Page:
Yesterday MPs were still struggling to understand what appears to be a hotch-potch, panicky set of appointments. The changes seem to lack the stamp of authority and clarity that Blair once enjoyed.

One minister said the chaos reflected problems in Blair's private office in Downing Street. The extent to which he is exposed to emotional pressure from colleagues may demonstrate how much he misses his former gatekeeper and school friend Anji Hunter, who left Downing Street 18 months ago. "Thatcher said Everyone needs a Willie (Whitelaw), but this week has proved that Tony needs an Anji," said one aide.

Like Milburn, Blair can also feel the heat. As one ally put it: "After Milburn's resignation and the departure of other Blairites, suddenly the notion of Tony making the same decision one day doesn't seem so hard to contemplate."

The Sunday Times - Comment

June 15, 2003

Leader: A dog's breakfast
What malicious spirit possessed Tony Blair when he sat down to plan his reshuffle last week? Perhaps he was in shock over the departure from the government of Alan Milburn, the health secretary. The euro decision, in which he was comprehensively outflanked by Gordon Brown, the chancellor, might have been weighing on his mind. The pressure on the prime minister over the fruitless search for Iraq's weapons of mass destruction could be telling. Or perhaps we should just accept that this badly botched reshuffle says everything you need to know about Mr Blair and his government: the prime minister's lack of organisational skills, his inability to bring on new talent, his unwillingness to consult on far-reaching constitutional changes and, above all, his fatal addiction to advancing the careers of cronies.

The departure of Mr Milburn was a huge setback, not because it forced the prime minister into changes he might not have wanted, or because it marked the departure of another Blairite. Many will sympathise with Mr Milburn's desire to spend more time with his family, although some would echo the late Nicholas Ridley, who before leaving the Tory government said the last thing he wanted was to spend more time with his family. It is hard to believe, however, that Mr Milburn would have quit if the billions of taxpayers' money the government is pouring into the NHS were delivering results. He knew progress was achingly slow and he would have to defend a dismal record in front of voters while also facing Treasury sniping.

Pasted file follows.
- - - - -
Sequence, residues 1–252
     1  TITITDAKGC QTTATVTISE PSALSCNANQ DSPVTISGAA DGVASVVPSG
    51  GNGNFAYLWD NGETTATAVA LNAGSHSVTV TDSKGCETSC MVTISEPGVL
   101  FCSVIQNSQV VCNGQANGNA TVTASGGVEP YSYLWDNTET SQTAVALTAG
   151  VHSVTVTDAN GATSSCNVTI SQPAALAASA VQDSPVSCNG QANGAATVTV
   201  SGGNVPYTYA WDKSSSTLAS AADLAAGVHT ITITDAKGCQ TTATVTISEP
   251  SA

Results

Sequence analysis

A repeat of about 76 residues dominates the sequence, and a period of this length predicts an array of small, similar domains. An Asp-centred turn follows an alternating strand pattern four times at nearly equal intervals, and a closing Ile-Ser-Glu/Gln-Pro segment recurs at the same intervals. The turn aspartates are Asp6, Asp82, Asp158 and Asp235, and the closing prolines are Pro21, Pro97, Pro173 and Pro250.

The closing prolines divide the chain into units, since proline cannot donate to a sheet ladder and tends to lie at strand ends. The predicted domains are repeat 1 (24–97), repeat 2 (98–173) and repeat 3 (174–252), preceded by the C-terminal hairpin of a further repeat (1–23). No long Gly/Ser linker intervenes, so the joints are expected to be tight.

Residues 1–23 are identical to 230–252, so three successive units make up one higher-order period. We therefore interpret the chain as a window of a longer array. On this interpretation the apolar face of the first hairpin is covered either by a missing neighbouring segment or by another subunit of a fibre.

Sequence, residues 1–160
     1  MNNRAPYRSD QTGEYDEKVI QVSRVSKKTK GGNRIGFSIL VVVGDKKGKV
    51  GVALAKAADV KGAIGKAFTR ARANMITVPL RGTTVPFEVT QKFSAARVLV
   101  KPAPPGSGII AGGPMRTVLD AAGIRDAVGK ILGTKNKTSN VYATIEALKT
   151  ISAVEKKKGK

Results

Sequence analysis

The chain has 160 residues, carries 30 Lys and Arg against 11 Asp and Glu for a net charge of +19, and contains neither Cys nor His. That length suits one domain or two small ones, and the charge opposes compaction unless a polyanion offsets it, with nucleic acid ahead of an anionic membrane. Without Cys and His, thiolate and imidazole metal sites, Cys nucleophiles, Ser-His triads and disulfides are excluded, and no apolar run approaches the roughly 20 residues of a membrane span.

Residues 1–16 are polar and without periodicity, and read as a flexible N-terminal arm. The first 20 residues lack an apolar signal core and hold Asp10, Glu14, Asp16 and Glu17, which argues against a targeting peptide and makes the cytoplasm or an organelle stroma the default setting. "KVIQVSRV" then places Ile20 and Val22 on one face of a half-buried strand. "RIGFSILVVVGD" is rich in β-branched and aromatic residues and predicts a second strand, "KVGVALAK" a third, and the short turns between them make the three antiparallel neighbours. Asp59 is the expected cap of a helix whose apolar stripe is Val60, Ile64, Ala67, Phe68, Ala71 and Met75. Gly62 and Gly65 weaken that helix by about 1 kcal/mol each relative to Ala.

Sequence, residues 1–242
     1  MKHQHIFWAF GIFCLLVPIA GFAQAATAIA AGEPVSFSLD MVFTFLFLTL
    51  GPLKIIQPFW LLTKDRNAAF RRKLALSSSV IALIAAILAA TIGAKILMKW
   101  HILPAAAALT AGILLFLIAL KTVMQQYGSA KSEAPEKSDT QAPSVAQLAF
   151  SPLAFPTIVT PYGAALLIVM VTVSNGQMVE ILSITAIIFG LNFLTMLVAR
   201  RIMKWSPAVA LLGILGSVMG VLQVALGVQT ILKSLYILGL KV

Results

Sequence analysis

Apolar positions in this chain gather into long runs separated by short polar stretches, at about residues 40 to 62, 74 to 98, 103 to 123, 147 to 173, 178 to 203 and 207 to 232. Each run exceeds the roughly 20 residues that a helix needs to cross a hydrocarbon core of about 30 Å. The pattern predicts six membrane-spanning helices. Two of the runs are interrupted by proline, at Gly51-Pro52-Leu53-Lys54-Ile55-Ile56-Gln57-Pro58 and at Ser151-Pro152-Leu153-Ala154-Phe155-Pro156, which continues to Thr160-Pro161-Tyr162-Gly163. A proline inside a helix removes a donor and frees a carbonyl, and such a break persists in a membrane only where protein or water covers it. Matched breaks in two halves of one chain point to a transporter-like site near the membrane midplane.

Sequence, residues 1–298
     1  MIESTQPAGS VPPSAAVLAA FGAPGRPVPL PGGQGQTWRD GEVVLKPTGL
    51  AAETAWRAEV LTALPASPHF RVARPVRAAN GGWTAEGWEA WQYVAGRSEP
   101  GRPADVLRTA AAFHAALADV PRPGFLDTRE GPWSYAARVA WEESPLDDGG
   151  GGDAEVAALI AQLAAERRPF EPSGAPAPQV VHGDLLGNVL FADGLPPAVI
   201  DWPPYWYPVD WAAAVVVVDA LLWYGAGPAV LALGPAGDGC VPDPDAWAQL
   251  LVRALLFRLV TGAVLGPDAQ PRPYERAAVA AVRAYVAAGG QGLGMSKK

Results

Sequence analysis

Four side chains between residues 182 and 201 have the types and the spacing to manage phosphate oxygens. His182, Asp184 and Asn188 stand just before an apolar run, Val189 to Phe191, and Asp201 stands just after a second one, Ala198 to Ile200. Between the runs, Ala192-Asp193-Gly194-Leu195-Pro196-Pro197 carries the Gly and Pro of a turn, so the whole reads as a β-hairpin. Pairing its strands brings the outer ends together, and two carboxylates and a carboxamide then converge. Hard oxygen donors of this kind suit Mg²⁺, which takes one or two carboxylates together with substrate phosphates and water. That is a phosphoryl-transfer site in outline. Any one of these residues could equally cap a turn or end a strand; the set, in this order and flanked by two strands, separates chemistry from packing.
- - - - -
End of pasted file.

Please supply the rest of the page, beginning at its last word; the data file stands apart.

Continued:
The prime minister had a choice on who to put into this key post. He could have moved David Blunkett, one of the government's most impressive performers, or chosen Patricia Hewitt or Peter Hain. By now he should have brought on a high-flyer such as Yvette Cooper to take on that sort of role. Instead he settled for John Reid, who in just 69 days as leader of the Commons managed to destroy his credibility with his unsubstantiated claim that "rogue elements" in the security services were undermining the government. Dr Reid, like the hapless Labour party chairman Ian McCartney, is symptomatic of the government's problem. At a time when southern voters are already concerned about the way Labour's tax-and-spend agenda is heading, the last thing they want to hear is a couple of Scottish bruisers repeatedly insisting that black is white.

Reshuffles come and go but big constitutional changes last for decades, even centuries. Was Mr Blair so keen to secure his place in history (denied to him on the euro) that he rushed through the abolition of the post of lord chancellor and the creation of his new department of constitutional affairs? It looks like that. There might be a case for a supreme court to replace the law lords and abolishing, or reforming, the lord chancellor's role. A new system of appointing the judiciary is overdue. But the prime minister's rushed announcement owes more to political expediency and the home secretary's blocking of a new justice ministry than anything more skilfully planned.

Worse, he got rid of one crony, Lord Irvine, and appointed another, Lord "Charlie" Falconer. Neither was an outstanding lawyer who got their position on merit. Neither has ever had to put themselves before the voters. Both had one essential attribute: they were Tony's mates. The sight of the chubby frame of Mr Blair's former flatmate adorning the woolsack, which he will continue to do until the office of lord chancellor is abolished, said much about the random and undemocratic process of this government.

These constitutional changes are occurring when reform of the House of Lords is half-complete and looks to be going nowhere. John Prescott is proposing regional assemblies for the north but not apparently for the south. The anomalies created by Scottish and Welsh devolution have been compounded by the latest confusion, created by the reshuffle, about who speaks for Scotland and Wales in Westminster. It is, as one Labour MP put it, "a dog's breakfast". And after last week, few can have confidence in Mr Blair's ability to sort it out.